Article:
Hailing from the musically saturated region of Los Angeles can make it is easy to get lost in a mix of sometimes-good yet often-forgettable music. Even though Foster the People have broken into the indie/alternative scene in a big way this year, their debut album Torches feels just like that, lost in the mix. They are known mostly for their over-played radio single “Pumped Up Kicks” which can be recognized by its whistling hook reminiscent of Peter Bjorn and John’s (QRO spotlight on) “Young Folks”. When a group like this comes along first impressions are key as there isn’t any previous work to compare to. Bands in their position are tasked with the importance of leaving listeners wanting more.
In terms of sound, at times Torches accomplishes said task, but just barely. Songs like “Helena Beat” and “Call It What You Want,” have catchy enough beats to make them a redeeming quality of Torches overall. Lead vocalist and namesake, Mark Foster, offers interesting vocal stylings throughout and could even be mistaken for Maroon 5’s Adam Levine on songs like “I Would Do Anything For You” and “Houdini”. However, his falsetto vocal sound is so plentiful it possesses the ability to grate by the album’s end.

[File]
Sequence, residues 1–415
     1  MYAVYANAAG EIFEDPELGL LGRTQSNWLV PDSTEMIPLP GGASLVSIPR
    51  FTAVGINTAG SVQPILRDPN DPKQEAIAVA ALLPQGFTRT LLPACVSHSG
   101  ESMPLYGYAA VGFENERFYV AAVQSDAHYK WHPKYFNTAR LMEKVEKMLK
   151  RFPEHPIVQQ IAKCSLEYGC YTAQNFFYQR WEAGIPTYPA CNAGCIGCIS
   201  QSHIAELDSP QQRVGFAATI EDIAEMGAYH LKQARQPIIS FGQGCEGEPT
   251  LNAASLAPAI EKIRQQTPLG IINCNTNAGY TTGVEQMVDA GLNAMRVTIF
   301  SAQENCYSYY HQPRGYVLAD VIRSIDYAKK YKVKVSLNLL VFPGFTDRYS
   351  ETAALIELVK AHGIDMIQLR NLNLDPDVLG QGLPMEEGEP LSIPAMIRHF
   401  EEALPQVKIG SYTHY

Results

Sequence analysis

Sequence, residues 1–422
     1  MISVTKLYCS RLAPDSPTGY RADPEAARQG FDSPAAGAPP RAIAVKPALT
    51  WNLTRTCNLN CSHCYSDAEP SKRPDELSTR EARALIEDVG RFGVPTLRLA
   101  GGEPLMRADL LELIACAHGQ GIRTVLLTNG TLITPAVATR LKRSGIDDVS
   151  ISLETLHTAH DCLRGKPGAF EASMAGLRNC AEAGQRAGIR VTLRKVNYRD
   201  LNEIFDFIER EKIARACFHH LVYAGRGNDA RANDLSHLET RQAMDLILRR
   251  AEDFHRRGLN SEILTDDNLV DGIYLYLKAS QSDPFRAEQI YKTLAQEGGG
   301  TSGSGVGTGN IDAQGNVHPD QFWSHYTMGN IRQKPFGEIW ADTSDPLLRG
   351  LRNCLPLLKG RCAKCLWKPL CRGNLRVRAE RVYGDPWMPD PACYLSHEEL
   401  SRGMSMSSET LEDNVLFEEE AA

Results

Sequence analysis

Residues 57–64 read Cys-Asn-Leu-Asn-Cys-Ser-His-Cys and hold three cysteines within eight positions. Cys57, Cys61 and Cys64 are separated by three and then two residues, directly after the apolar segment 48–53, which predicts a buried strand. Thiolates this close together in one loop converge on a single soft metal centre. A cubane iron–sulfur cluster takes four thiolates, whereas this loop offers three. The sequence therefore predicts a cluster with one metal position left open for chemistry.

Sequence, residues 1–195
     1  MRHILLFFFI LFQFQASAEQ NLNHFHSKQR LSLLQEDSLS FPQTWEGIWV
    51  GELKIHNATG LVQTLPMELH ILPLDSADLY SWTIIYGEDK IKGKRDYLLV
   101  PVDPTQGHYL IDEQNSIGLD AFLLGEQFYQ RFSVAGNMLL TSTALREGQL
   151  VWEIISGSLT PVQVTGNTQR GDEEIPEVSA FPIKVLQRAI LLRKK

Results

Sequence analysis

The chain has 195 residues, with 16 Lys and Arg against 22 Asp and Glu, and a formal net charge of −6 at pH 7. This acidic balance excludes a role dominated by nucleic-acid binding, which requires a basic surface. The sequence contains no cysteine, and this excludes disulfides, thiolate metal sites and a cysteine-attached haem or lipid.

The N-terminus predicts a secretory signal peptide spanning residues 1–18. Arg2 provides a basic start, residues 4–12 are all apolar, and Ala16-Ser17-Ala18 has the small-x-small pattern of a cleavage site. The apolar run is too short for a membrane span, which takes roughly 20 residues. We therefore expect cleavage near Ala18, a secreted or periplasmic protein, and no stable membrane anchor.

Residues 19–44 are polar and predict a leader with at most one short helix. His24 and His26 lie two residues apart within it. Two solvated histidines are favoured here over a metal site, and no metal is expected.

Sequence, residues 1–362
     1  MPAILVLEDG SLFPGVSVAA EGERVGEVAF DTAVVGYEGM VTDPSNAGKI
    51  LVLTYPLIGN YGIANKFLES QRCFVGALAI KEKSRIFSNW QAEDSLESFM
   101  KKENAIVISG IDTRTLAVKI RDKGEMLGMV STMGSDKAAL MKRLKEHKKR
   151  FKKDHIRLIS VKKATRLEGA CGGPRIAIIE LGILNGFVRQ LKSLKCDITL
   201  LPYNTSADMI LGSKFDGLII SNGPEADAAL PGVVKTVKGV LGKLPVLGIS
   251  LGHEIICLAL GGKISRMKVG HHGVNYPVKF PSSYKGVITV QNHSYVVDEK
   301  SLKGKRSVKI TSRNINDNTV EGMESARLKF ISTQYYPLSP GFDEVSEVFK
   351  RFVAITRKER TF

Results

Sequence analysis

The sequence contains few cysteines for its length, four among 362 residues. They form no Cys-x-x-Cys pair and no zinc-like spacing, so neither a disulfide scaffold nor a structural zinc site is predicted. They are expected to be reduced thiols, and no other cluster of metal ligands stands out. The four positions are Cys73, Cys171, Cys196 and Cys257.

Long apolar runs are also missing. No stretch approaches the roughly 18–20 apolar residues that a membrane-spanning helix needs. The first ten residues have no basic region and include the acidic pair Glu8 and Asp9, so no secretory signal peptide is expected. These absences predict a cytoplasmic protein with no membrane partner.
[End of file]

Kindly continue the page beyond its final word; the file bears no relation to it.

Clocking in at just over thirty-eight minutes, the album feels quite brief. As a result, its closing track “Warrant” arrives sooner than expected but is a fitting climax. It is ultimately one of Torches‘ highlight moments due to its infectious melody and overall atmospheric feel.
Torches has fun and engaging sections while at the same time proves to be a bit underwhelming. It makes a sometimes fun and sexy impression but is equal parts uninspiring and bland.
It is easy to see that Foster the People desire to be the next big act to come from Los Angeles, and what they have produced with Torches is something slightly more than average. However, only time and more albums will tell if they have something to offer that is long lasting. Based on their debut, things have the potential to progress either way.
MP3 Stream: “Warrant”